As I stir chicken broth
and garlic cloves into the simmering pot of bland-looking cauliflower, I smile
and chuckle to myself. How will this concoction go over at the dinner table
tonight? It doesn’t matter – I
don’t even care. Because, right now, I am having fun.
That evening, assuming the
usual mashed potatoes sit alongside his dinner of roasted salmon and leafy
salad, my husband shovels a forkful of my experiment into his mouth.
“Are these potatoes?” he
asks after swallowing.
“Do you like them?” is my
“Good, because our
culinary rut is about to change.”
Drowning in Sameness
For years, crammed between
carpooling, meetings, and piles of laundry, I would race through the grocery
aisles, grabbing spaghetti and chicken and broccoli – items from my memorized mental shopping list – and tossing them into the grocery cart.
Those were simple ingredients
based on menus I knew my family liked; meals I could prepare on autopilot while
I folded laundry, watched the news, or picked up the house.
With my sons rushing between
sports practices and homework, my job was to get dinner on the table in the
most efficient way possible. Eat, clean up the kitchen, and move on to the next
Except – what is the next activity now?
I no longer quiz a child
with spelling words or sit in the bleachers at baseball games or pack lunches
for the following school day. I don’t need to fling dinner together and move
Could I slow down, take my
time, and find joy in the cooking process?
Cooking and Me
In recent years, I’ve
ogled luscious photos of bubbling lasagnas and seared halibut and
confetti-sprinkled layer cakes. I’ve tapped hearts on foodie sites and pinned
recipes to boards with labels like Holiday Foods and Weeknight
Dinners and Healthy Eats.
Arranged in color-tagged
folders on my laptop are instructions for Appetizers and Slow-Cooker
Meals and Entree Salads.
Seldom did I return to my
organized stash of recipes and actually make any of these dishes. I relied on
the predictable standbys, the same rotating menus.
Here I go again, I realized. I’m drowning in sameness.
Instead of admiring the
photos of foods other people make, why don’t I head to the kitchen and
give some of those dishes a try?
Based on the success of my
pseudo-mashed potatoes, I began to tackle recipes I once labeled too much
effort or not for me.
meatballs I prepared were delicious spooned
over packaged pasta. Even better when I served them atop spiralized squash.
Slice a sweet potato, drop it in the toaster, and slather it with almond
butter? Who thought of THIS?!
I bought ingredients I
didn’t quite know what to do with – ghee
and coconut aminos and almond milk – and explored the
Whole 30 craze. I felt up-to-date and informed, engaged and curious – and I liked that me.
I Can’t Cook and Worry at the Same Time
When I scooped the seeds
and membrane from a red pepper for a lunchtime tuna melt or manipulated the
fragile collard greens into a wrap, I forgot to worry about the lab test
results and car troubles and elderly parents. While I chopped onions and grated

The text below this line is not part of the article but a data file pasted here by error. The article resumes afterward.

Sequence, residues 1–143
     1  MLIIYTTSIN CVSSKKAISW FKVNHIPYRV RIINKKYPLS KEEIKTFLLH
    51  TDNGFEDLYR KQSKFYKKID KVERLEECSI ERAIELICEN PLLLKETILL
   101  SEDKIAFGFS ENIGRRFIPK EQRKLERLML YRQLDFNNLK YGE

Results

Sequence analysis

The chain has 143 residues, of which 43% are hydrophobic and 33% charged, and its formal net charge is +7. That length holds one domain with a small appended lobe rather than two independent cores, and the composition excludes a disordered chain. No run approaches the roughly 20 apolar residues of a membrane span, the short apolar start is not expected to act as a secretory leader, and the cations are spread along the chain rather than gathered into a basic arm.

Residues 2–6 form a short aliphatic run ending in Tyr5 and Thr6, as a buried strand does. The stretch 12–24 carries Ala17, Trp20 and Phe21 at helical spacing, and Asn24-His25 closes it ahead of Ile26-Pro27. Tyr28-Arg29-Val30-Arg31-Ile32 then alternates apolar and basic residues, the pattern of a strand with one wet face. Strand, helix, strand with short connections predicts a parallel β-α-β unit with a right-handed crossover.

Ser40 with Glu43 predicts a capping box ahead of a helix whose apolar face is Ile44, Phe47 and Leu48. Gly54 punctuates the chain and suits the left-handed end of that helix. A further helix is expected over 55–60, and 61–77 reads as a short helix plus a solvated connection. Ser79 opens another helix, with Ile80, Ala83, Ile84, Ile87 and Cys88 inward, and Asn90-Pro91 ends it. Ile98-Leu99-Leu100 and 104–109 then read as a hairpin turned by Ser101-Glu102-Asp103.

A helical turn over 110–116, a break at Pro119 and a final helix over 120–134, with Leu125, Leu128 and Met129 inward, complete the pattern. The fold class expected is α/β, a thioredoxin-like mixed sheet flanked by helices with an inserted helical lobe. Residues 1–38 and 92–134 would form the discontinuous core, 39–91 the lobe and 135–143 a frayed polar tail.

parmesan, I let go of the little – and
big – issues in my life.
Like knitting, carpentry,
or painting may do for other folks, cooking unfamiliar recipes gave me
something to concentrate on besides my problems and concerns.
Hungarian psychologist Mihaly Csikszentmihalyi calls this process “flow,” and his research indicates this is one of the secrets to a happy life. In his book, Finding Flow, he defines a flow state as “being completely involved in an activity for its own sake.”
My Perfectionist Self Let Go
My black and white cookie
batter went into the garbage one gray, rainy afternoon. The confectioner’s
sugar I grabbed from the pantry, instead of the flour, produced a runny,
inedible, snow-white soup.
My perfectionist self
surprised me. I didn’t grouse over the cost of ingredients or the wasted time
in the kitchen. I allowed myself to laugh at my unfortunate mistake, make
another (successful) batch, and enjoy my time in the kitchen.
In her book, Lifting Depression, neuroscientist Dr. Kelly Lambert writes, “With today’s overly-mechanized lifestyle we have forgotten our brains crave the well-being that comes from meaningful effort. Whether planting a garden, repairing a lamp, or cooking a meal, you are bathing your brain in feel-good chemicals and creating a kind of mental vitamin.”
Cooking Can Produce Feel-Good Chemicals
Instead of grazing on
cheese and crackers – or
cookies – and calling it dinner, I
tried new creations when I dined alone. Pesto, tomatoes, mushrooms, and
avocados make for a fancy grilled cheese sandwich at lunch.
Sheet pan dinners are a
breeze for one person. I fired up the stove or the oven and assembled salmon
salads and turkey burgers – for
my party of one.
Cooking gadgets became the
gifts du jour for Mother’s Day and my birthday. As I unwrapped a pasta maker
from my sons, I admit the words “work” and “mess” rolled through my mind.
And – yes – fettuccini from scratch was a flour-spattered
production. But as I kneaded the dough and maneuvered the fussy strips through
the machine, I realized I enjoyed my own company – and the challenge of it all.
Nowadays, I still enjoy a good dinner out, and most Friday and Saturday nights my kitchen is closed. I don’t make new recipes every day, and I’ve tried plenty I won’t make again.
But when I do go into my
kitchen to attempt a new dessert or salad or soup, I’ll feed my body – and I’ll also feed my soul.
Do you have an activity that helps you experience flow? What hobby causes you to “lose yourself?” When was the last time you tried a new recipe? Please share with our community!